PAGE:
It Exists

More Than a Carpenter - Josh McDowell, Sean McDowell

I really don't know how to feel about this book.


On the one hand, I really liked how everything is cited and sourced. It's definitely well researched (to an extent). But I found more problems than I found uses.



The biggest problem is that this book is basically one big Appeal to Authority fallacy. Some parts of chapters are literally just sentence after sentence of "person X in position Y said that this is really legit". And that's fine when it's in specific cases - like I said citation is good, but a lot of times it's just "this Bishop said that there is no more historically reliable text than the Bible." Ok, super convincing, I guess?


Like I said, it's great that it's sourced, but it's hard to take every reference at face value when every reference is noted as being a Christian. Christian historians say that the Bible is reliable, but what do historians as a whole say? The approach is always from an area of absolute ignorance and only covers dissent if it has an answer. This might be not so much with the book perhaps as it is with the content matter, but I had a hard time taking statements at face value, period. You can call that bias on my part, which is probably true to an extent, but MacDowell just presents things as fact that I find suspicious of being unquestionably true.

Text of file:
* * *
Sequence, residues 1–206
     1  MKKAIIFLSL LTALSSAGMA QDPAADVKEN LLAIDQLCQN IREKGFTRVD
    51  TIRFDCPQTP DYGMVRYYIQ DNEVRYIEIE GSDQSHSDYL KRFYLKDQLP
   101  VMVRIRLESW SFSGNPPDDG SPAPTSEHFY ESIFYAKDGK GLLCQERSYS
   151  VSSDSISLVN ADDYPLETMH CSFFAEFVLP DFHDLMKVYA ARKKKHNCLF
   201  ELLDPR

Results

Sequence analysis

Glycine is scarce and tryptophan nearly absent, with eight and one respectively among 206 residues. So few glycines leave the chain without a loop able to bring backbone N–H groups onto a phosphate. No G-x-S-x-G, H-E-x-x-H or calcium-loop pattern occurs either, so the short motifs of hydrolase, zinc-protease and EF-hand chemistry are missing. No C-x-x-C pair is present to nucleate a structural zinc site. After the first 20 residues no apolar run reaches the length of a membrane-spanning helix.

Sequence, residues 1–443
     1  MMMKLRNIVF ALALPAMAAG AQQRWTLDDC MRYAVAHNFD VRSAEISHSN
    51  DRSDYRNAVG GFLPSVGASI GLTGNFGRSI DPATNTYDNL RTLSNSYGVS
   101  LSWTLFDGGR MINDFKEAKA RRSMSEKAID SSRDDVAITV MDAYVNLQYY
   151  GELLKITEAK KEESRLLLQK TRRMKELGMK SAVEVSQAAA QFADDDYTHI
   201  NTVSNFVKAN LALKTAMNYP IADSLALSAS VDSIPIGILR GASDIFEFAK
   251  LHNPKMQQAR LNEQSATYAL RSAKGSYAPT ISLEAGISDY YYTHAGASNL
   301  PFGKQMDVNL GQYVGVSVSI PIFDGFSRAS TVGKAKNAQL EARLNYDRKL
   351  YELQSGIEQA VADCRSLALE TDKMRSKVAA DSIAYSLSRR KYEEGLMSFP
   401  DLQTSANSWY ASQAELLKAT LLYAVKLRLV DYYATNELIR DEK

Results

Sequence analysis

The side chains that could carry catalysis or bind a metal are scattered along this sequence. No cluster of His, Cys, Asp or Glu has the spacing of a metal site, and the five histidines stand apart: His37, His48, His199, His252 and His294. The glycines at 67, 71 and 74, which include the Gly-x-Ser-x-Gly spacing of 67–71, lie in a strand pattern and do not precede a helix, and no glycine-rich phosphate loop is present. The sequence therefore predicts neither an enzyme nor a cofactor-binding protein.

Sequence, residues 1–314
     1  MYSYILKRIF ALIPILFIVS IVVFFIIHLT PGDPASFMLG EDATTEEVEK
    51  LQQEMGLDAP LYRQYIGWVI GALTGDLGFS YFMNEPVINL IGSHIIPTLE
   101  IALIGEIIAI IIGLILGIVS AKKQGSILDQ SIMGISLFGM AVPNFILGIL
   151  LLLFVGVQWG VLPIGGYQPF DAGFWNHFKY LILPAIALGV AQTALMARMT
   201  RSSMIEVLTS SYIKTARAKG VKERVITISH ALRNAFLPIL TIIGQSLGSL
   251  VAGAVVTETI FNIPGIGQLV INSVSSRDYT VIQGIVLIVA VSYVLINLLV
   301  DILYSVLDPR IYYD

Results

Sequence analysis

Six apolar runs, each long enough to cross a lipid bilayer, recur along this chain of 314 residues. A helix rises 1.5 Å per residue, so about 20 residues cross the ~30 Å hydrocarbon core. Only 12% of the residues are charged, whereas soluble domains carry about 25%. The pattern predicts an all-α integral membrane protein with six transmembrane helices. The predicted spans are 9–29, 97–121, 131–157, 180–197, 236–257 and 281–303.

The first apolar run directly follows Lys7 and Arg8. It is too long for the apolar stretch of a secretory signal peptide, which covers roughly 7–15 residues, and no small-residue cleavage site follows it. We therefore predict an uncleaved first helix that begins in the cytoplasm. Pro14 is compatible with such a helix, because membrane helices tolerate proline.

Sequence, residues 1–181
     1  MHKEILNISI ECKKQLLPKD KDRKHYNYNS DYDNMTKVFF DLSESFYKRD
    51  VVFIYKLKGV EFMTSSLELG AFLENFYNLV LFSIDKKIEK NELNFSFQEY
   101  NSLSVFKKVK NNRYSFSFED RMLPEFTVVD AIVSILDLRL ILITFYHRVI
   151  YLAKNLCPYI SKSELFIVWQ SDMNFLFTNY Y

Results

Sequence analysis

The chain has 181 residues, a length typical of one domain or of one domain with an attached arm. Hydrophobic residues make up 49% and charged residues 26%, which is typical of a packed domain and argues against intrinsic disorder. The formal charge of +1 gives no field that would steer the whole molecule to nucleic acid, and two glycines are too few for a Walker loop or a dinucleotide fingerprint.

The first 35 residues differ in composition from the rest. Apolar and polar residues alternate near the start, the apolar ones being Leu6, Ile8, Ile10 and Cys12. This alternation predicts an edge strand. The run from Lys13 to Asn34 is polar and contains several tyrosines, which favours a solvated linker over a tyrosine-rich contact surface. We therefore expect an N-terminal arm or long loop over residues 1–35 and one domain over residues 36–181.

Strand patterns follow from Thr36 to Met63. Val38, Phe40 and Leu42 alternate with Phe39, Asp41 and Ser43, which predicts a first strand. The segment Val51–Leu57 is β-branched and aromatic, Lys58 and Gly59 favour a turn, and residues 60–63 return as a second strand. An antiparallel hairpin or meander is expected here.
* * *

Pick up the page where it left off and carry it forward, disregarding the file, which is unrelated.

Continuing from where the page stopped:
Which leads me to the conclusion: this book seems as though it was written by a Christian for Christians, mostly. It includes small quotes of particularly "powerful" sentences repeated randomly in the margins, it contains the aforementioned list of "so and so says", and it is just written in a way that feels as though it is targeted at someone who is reading it to boost what they already believe. Which is fine, there's not shortage of those types of Christian books, I just thought this book was more of a "these are the facts" deal.



However, having said all that, I have to admit my own bias; this book was "suggested" to me by family member from whom I may be projecting how it reads. And I certainly have to admit that I came into it with a certain predisposition: not attempting to be close-minded, but certainly already with a belief on the matter. But it's not like I'm a history or theology buff and as a novice in these areas entering in, I felt at a loss as to what is genuinely accepted in each field of study and what is MacDonald's "summarized" conclusion.


In the end I just have to say that I have nothing to say on this book. I feel that I don't have adequate space or maturity or whatever to say whether or not it's complete BS or if it's true and my repulsion is just not wanting to be wrong. I can say that I didn't find it particularly compelling, but then I suppose I'd like something that covers this subject matter on a far more detailed level. It felt like an over-summarized version of a massively complex issue which resulted in the inability to tell when and if corners were cut in the logical steps taken.


I got nothing.